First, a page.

Clark shoved the hand away, not troubling to conceal his strength. “You’re wrong, Luthor,” he said in an uneven tone, watching the man stagger back with wide eyes. “I don’t know you.”

Luthor slipped his hands into his pockets, shifting his stance as he regained his composure. “We need to come to an understanding, here, Clark.”

“I think we understand each other just fine,” Clark said flatly, knowing it was true.

Lex Luthor’s face drained of color and expression, his voice hardening again. “My father has offered a half a million dollar reward for information regarding the whereabouts—”

“I’ve got work to do.” Clark sat down and slid back under the truck. He lay there, staring blankly at the undercarriage as Luthor stood in silence a few feet away.

“You’re making a serious mistake, Clark,” Luthor said finally.

He almost sounded sad, and Clark closed his eyes. He didn’t move. Luthor walked slowly back to his car and got in, slamming the door so hard it sounded like a gunshot, then sat a few more seconds before he started the car. When he began to drive, though, he moved fast – as fast as Clark had ever heard Lex move.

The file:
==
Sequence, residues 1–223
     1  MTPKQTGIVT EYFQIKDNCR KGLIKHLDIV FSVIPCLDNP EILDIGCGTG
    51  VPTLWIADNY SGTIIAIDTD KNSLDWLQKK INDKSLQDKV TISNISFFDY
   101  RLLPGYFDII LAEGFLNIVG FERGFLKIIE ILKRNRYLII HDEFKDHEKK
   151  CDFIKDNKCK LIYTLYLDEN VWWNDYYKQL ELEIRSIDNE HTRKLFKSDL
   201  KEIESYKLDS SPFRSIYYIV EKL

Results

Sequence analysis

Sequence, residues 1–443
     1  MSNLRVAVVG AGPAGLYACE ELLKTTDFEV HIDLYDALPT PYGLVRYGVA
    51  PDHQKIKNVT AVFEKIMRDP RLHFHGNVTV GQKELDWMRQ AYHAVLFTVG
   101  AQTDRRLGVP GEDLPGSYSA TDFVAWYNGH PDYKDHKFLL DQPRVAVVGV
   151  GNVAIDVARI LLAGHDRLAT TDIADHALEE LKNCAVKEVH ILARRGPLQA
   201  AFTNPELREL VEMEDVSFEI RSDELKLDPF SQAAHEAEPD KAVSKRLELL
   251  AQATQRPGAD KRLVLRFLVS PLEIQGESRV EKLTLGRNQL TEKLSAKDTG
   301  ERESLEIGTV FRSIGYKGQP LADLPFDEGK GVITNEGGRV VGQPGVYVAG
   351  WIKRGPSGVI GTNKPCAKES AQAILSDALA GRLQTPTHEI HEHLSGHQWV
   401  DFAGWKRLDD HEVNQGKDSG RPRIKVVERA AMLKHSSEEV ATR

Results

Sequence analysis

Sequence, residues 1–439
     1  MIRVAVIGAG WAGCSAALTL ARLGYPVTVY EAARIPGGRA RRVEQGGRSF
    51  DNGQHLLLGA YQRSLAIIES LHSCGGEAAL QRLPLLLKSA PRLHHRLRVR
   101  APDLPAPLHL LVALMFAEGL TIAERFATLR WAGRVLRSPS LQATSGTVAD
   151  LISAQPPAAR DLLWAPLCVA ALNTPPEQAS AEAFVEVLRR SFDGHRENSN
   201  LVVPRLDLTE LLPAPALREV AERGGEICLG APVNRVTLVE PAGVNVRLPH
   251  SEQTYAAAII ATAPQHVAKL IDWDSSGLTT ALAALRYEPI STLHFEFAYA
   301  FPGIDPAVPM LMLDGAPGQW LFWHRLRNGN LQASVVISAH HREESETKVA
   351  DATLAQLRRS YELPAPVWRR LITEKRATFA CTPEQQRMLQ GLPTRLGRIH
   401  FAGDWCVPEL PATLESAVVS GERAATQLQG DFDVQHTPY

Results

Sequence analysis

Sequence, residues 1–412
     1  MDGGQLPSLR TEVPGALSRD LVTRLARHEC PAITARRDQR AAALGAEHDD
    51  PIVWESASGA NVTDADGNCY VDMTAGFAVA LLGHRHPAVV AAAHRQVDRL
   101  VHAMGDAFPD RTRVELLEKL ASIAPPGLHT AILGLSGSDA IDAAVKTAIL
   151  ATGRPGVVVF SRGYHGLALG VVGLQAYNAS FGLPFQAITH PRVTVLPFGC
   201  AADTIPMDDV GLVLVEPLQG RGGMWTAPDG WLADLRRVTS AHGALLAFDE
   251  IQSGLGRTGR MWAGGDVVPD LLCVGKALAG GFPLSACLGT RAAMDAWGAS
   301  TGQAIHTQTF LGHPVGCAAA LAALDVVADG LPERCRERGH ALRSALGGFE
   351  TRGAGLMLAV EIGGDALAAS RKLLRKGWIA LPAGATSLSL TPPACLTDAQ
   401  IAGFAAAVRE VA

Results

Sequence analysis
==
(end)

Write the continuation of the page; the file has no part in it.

More than friends. Yes. Lex’s eyes, his mouth, his hands, his body – Clark had noticed those things from the moment Lex had taken his first breath. Luthor was right, and wrong, desperately wrong. Suddenly claustrophobic, Clark struggled out from under the truck and started to run.




“What the hell did you do, run all the way?”  Lex tossed Clark a bottle of water, scowling.


“Yes,” Clark rasped, fumbling with the cap.

“Well, at least no one can follow you that way.”  Lex shook his head and turned back to the television again, hitting the rewind button on the remote.  “Pull up a chair.  My lair is your lair.”

Clark gulped down half a bottle of water before he realized he’d seen the tape before, many times.  Putting the bottle down, he moved closer to Lex and rested one hand gently on his shoulder.  "Why do you keep watching this?"

Lex shrugged, his eyes riveted to the moving figures on the television screen.